Third Way Perspectives
Posts Tagged ‘Congress’
May 22nd, 2014
Sixty words have defined the last 13 years. In the days following the 9/11 attacks, Congress voted overwhelmingly to give the president broad authority to use force against those who had attacked us. But those 60 words, known as the Authorization for Use of Military Force, or AUMF, have been in effect for far longer, in more places, and invoked against more groups than anyone could have suspected in 2001. After bin Laden’s death and with the war in Afghanistan drawing to a close, now it is time to revisit the AUMF.
March 10th, 2014
The ancient Greek military historian Thucydides famously noted that in war, “the strong do what they can and the weak suffer what they must.” Today, Rep. Buck McKeon, R-Calif., chairman of the House Armed Services Committee, concurs.
“It’s a dangerous world, and we’re making it more so by cutting defense,” said McKeon, responding to the president’s defense budget. “We weaken ourselves, and that is how you get into wars. You don’t get into wars if you’re strong.”
The idea that “weak” countries must fight to uphold their status might seem self-evident. However, while McKeon’s logic might have made sense in the Bronze Age, it makes little sense in the modern age.
December 9th, 2013
By now we’ve heard all the doom and gloom predictions of the chances of passing immigration reform. The media may paint a pretty pessimistic picture, but secretly Congress agrees on more than you think they do.
In May, the House Committee on Homeland Security voice voted—unanimously—in favor of the Border Security Results Act of 2013. Almost as shocking as a bipartisan vote in support of an immigration bill is the fact that the bill focuses on border security—one of the most contentious and partisan issues in the immigration policy debate. And rest assured, this is no minor messaging bill.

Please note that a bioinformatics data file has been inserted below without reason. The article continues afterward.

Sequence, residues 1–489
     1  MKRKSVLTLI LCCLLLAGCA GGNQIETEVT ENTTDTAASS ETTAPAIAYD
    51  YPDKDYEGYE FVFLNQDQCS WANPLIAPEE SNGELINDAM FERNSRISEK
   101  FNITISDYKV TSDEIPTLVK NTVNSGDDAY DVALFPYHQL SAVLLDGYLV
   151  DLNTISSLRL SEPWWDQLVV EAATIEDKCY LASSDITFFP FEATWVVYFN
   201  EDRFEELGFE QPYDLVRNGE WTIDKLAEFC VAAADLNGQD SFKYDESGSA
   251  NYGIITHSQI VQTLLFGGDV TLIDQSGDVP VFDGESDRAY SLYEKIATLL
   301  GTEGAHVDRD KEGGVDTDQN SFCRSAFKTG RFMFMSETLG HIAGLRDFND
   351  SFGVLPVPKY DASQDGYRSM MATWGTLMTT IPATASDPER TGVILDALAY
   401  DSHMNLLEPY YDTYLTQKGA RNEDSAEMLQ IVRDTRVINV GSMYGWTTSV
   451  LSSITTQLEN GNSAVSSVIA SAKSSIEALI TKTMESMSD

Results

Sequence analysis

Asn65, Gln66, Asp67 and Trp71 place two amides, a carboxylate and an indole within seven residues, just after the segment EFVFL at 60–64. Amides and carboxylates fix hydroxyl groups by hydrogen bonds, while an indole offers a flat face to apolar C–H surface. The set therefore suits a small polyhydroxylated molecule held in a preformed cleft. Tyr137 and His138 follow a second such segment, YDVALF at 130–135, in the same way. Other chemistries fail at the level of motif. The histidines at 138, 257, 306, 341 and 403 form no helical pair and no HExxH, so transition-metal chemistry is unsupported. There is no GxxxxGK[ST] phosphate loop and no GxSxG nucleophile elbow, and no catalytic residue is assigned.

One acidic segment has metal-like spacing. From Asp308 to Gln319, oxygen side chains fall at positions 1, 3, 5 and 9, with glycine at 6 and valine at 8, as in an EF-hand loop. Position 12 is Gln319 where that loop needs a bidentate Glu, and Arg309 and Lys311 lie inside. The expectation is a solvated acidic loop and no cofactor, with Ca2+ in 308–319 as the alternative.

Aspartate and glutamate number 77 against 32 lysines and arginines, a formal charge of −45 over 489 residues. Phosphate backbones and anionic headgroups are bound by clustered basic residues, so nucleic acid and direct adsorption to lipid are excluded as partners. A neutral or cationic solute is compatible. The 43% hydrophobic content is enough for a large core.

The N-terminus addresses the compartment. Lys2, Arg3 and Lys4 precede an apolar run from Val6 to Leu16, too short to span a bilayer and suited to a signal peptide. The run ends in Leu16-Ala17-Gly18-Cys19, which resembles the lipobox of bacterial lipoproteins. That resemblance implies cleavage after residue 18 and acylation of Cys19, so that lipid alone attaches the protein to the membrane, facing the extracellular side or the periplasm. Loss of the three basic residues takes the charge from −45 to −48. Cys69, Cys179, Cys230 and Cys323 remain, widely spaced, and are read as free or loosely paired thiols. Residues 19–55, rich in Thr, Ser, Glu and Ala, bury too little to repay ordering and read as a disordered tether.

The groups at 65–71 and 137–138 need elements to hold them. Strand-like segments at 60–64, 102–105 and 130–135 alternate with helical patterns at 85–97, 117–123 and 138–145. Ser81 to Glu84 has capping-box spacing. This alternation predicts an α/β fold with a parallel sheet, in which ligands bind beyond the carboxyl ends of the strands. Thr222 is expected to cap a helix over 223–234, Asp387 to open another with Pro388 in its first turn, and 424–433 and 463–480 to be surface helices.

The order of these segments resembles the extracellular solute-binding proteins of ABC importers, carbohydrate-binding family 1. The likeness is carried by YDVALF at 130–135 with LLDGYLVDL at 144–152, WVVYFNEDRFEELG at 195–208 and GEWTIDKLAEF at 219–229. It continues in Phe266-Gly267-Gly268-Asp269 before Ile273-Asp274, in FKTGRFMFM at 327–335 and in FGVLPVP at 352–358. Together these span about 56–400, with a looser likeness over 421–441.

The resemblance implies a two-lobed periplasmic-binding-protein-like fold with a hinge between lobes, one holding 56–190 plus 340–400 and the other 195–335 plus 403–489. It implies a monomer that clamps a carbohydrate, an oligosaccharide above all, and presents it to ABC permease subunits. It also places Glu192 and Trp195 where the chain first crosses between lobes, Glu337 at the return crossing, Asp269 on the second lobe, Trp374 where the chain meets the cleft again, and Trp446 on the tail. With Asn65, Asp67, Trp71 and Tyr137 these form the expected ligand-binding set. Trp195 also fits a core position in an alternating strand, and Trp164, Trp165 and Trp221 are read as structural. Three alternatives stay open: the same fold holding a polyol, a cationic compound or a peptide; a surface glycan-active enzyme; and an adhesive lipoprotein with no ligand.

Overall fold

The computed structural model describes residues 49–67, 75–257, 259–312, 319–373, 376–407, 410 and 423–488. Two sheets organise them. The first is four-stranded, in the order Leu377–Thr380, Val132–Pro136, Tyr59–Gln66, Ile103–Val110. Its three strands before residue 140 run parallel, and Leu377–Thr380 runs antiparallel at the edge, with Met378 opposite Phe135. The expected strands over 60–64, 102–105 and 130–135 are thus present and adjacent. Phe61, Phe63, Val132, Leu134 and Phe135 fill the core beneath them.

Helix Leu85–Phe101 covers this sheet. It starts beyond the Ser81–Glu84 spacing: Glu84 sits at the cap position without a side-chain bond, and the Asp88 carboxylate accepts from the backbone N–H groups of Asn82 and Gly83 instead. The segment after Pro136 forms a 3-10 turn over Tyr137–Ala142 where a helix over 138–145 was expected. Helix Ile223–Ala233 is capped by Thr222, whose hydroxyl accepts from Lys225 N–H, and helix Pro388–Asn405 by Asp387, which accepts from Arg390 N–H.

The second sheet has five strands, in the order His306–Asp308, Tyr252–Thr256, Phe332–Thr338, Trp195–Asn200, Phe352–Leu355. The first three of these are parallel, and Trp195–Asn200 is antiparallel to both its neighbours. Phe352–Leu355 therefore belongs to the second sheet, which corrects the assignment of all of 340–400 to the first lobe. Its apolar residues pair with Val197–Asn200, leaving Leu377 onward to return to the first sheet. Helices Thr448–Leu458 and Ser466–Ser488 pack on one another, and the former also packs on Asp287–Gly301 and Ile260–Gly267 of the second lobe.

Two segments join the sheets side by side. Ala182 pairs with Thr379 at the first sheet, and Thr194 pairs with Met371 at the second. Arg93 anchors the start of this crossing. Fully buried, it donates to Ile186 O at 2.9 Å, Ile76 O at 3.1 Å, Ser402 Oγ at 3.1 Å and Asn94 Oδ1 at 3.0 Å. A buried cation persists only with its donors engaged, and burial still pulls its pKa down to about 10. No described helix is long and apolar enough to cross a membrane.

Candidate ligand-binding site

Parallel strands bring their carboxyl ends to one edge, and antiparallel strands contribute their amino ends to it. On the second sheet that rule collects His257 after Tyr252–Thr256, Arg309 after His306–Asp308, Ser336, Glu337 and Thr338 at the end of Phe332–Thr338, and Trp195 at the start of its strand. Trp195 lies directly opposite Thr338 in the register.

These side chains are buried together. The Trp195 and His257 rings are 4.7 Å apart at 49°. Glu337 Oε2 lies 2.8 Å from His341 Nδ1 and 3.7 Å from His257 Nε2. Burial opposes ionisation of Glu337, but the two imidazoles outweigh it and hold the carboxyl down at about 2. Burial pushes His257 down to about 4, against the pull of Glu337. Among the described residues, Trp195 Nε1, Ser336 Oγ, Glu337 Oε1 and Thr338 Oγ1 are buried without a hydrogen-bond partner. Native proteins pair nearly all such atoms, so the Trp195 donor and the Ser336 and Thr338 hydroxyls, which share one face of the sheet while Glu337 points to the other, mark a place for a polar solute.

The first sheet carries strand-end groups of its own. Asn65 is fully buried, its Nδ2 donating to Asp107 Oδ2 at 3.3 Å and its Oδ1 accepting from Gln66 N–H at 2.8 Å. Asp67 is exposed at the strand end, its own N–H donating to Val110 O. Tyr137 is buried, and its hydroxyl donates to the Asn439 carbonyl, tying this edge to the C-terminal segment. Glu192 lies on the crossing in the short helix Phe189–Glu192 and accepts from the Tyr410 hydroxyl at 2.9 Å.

The Border Security Results Act requires the Department of Homeland Security (DHS) to establish a national strategy for border security based on an analysis of the state of the border—a common sense approach to avoid both over-spending and over-militarizing at the Southern border. The bill would put Department of Defense sensor technology no longer needed in Iraq or Afghanistan to work monitoring the border so border patrol troops and resources can be allocated where they are truly needed. DHS would have 180 days to submit a data-based plan for maintaining control of the border and 90 days to craft a strategy for implementation. Within 2 years of the submission of the implementation plan, the strategy must lead to the apprehension of 90% of illegal border crossers in high traffic areas. Within 5 years, 90% of all illegal border crossers must be apprehended. Homeland Security must certify that these goals have been met. The strategy, implementation plan, and the metrics they rely upon must be verified by the Government Accountability Office, a National Laboratory that specializes in border security, and the DHS centers of excellence network. No money can be spent on new resources until the strategy has been evaluated by these independent experts. In addition, the bill requires the implementation of a biometric exit program at ports of entry to better track who is leaving the country and when, as well as a review of border security duplication and cost effectiveness.